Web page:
Brian McClellan, chairman of the Macon County Board of Commissioners, said he believed that the two county boards, via the resolutions, walked the line between protecting the area and helping residents have a safer byway to and from their homes. The resolutions (with wording agreed on beforehand by representatives from both counties) noted: “both … agree and support efforts to improve and pave in place … with modifications including river-access areas and guardrails at specific needed locations.”   

Additionally, commissioners from Macon and Swain counties called on state officials to include only “minimum lane width” and “minimum shoulder widths.” They pointed out that the primary purpose of the project is to improve the quality of travel for local residents and to reduce sediment to the Little Tennessee River, which McClellan said the counties’ proposals would do.

“We suggested let’s meet in the middle on this one, and try to do something that might be the most feasible for everybody involved,” he said. “For the people there, this would be a much-improved surface without mudholes and potholes, and this would minimize runoff into the river and maintain the rural character of the area.”

Poole said paving is a priority for the people who use the road regularly so that the dust in the summer and the quagmire in the spring are eliminated.

But it is not the only problem residents face with the road, he said. During heavy rains, the road floods in spots, and those areas need to be raised “so that we aren’t stranded until the water recedes and the roadbed repaired.”

Also, the road should be widened where it is too narrow for two vehicles to safely pass, Poole said. During a 2009 traffic count, an average of 320 vehicles a day used the road.

Julia Merchant, a spokeswoman for the transportation department, said the next step is a concurrence meeting. Transportation officials and representatives from other state and federal agencies “will choose the least environmentally damaging, practicable alternative for the project,” Merchant said.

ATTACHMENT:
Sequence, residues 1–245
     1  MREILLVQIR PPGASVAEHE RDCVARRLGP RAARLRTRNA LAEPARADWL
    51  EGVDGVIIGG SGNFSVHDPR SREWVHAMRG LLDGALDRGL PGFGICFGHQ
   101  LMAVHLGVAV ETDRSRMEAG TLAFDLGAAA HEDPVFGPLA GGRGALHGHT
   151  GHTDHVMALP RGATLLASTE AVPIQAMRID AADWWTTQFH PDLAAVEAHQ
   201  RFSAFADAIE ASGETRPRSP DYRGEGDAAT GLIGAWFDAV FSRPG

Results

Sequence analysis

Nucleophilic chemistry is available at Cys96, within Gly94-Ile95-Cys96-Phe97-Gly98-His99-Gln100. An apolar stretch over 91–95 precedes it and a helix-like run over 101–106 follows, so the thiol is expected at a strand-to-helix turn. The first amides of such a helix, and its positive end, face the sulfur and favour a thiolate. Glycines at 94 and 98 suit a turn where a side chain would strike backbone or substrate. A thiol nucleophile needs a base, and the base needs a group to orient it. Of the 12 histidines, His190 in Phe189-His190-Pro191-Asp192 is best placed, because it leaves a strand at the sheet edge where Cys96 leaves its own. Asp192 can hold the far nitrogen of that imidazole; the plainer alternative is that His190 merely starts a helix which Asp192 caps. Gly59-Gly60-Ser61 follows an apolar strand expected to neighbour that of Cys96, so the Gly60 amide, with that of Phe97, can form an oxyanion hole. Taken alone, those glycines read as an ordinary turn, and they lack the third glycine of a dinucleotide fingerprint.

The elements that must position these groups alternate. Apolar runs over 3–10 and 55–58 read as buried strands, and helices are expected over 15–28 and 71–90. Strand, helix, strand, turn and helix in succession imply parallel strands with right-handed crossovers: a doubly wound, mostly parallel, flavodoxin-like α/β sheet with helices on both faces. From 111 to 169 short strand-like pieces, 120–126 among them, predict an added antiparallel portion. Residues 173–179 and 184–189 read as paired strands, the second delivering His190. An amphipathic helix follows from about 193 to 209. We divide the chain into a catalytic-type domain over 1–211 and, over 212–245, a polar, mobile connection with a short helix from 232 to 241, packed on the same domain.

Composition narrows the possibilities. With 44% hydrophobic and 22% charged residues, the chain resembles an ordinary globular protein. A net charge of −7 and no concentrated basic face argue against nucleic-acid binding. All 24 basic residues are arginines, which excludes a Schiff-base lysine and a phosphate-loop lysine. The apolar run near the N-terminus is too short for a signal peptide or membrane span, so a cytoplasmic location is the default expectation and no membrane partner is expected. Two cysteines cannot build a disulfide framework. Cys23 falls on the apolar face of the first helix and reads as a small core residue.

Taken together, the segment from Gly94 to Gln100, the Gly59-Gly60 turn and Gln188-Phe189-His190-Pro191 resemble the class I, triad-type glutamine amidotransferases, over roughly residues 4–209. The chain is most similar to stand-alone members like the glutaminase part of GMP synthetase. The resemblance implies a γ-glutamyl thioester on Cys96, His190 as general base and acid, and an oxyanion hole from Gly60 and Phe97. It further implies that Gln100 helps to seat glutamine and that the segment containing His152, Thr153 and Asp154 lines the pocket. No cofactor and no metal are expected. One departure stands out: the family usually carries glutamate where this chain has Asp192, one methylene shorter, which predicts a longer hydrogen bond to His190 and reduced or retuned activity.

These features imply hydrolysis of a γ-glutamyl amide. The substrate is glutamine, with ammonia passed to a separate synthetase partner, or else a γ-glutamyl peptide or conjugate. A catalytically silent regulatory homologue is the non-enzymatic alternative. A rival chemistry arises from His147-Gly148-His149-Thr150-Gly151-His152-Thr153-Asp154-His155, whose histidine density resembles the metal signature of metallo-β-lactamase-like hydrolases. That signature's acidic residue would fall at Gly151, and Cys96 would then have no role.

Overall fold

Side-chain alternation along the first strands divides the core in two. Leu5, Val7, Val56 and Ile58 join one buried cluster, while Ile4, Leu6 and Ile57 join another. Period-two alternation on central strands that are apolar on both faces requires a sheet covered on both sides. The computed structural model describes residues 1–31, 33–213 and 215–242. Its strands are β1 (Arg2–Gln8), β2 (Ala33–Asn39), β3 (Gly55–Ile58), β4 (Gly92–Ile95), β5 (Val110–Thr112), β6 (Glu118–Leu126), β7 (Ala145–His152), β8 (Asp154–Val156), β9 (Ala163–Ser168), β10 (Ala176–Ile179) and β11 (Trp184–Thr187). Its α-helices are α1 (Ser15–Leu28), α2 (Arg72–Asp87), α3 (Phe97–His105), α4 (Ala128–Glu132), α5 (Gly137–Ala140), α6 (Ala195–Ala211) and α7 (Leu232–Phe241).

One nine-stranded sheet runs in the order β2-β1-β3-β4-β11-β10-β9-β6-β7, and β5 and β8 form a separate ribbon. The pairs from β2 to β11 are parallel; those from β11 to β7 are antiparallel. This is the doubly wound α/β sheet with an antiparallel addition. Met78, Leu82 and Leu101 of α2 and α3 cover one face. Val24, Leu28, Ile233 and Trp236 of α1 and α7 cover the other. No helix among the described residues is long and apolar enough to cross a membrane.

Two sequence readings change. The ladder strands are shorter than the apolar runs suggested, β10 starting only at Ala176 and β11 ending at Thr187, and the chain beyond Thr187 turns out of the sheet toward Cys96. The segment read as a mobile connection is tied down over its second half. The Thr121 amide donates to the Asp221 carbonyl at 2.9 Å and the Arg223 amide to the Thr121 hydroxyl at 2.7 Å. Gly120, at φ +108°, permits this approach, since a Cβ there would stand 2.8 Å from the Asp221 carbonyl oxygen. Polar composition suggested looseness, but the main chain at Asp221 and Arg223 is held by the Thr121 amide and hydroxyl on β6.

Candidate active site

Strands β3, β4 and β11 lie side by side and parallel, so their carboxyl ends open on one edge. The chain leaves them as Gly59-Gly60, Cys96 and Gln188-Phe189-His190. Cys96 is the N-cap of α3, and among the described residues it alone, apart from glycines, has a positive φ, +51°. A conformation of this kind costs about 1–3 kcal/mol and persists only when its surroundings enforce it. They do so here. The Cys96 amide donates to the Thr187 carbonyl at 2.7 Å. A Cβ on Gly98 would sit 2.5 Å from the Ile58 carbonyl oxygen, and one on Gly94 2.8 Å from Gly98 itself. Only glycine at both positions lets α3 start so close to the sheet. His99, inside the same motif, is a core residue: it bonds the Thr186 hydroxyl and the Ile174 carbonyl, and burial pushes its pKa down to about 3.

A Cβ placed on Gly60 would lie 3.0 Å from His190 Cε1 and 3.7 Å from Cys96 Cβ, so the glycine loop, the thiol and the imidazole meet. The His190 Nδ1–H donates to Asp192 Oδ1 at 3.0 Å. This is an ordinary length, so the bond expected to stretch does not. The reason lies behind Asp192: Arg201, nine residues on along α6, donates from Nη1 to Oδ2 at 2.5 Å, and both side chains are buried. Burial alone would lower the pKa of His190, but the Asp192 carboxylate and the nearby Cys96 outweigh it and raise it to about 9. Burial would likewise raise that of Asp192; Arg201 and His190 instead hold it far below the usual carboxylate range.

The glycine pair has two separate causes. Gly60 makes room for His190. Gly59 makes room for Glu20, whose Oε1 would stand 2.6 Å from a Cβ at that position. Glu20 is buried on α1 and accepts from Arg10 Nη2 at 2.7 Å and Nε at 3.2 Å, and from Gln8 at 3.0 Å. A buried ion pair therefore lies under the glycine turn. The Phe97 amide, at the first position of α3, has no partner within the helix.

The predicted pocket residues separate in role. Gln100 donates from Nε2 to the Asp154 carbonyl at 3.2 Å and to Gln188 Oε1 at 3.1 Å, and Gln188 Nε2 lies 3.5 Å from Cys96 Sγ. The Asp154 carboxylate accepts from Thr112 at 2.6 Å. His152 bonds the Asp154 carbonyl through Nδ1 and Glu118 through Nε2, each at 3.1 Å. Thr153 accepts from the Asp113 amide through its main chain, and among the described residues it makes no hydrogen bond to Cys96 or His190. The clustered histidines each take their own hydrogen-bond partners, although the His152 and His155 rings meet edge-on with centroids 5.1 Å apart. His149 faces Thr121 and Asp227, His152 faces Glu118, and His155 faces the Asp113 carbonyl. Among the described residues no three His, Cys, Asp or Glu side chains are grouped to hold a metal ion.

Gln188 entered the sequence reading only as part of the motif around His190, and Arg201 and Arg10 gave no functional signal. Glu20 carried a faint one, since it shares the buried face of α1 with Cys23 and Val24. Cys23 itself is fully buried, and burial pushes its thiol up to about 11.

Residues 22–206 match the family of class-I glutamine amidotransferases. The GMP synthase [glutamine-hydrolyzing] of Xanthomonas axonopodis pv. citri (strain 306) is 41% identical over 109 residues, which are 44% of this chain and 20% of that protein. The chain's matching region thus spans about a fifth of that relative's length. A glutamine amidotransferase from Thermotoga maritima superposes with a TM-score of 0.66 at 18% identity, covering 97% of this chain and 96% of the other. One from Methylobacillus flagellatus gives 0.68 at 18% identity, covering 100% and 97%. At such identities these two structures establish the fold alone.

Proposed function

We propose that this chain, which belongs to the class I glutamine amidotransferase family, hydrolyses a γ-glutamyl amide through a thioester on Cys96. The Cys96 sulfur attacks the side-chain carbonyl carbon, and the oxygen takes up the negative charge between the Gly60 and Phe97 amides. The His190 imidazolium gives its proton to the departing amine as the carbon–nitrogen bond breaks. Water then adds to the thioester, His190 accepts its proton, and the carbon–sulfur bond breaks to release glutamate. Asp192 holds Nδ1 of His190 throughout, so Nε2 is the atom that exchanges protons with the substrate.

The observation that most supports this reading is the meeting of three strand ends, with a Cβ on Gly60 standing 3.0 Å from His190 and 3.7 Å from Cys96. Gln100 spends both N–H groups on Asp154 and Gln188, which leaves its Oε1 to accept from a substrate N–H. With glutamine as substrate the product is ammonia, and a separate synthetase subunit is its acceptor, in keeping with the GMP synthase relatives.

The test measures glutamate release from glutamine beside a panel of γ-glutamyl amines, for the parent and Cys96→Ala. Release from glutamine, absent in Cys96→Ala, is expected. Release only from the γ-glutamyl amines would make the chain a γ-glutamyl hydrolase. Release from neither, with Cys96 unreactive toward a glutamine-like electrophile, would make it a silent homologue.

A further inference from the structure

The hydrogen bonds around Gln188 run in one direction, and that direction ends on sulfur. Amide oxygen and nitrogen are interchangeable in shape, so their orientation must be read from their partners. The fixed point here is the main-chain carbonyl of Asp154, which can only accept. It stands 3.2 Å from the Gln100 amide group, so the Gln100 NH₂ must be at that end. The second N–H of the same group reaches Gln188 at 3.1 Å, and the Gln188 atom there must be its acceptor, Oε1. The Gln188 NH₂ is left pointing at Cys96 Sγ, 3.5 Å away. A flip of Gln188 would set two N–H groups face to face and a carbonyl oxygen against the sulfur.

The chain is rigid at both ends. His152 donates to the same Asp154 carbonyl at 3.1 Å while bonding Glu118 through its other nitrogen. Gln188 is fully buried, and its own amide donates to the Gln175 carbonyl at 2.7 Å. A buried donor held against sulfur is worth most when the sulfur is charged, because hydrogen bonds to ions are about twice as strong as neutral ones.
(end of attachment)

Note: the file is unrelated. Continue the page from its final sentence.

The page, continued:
That meeting is tentatively scheduled for July in Raleigh. If the past is any indication of the future, agreement might be hard to come by. State and federal environmental agencies for more than a decade have questioned the need to make substantial improvements to Needmore Road. They’ve also repeatedly raised concerns about the possibility of serious environmental damage and worried about public reaction, based on a review of road documents by The Smoky Mountain News last fall.

Construction at the level proposed by the transportation department would require cutting out and removing Anakeesta-type rock, often dubbed “hot rock” because of the possibility it can leach acid when exposed.

The transportation department has maintained that the acidic levels of the rock are low, and that at those levels, runoff would not be considered “hot.” Furthermore, any runoff that did occur could be neutralized.

Merchant said that as part of the decision-making process, officials would take into account the commissioners’ votes as well as public comments received. Two public hearings were held, one in Macon County at the specific request of commissioners there.

McClellan said he’d find the situation very odd if transportation officials chose to ignore a “100 percent agreement” among elected officials in two counties on what should be done to improve Needmore Road.

“With every elected official in the counties involved unanimous on what’s to be done, I wouldn’t quite understand what’s then not to like,” McClellan said.

 

What, and where, is Needmore Road?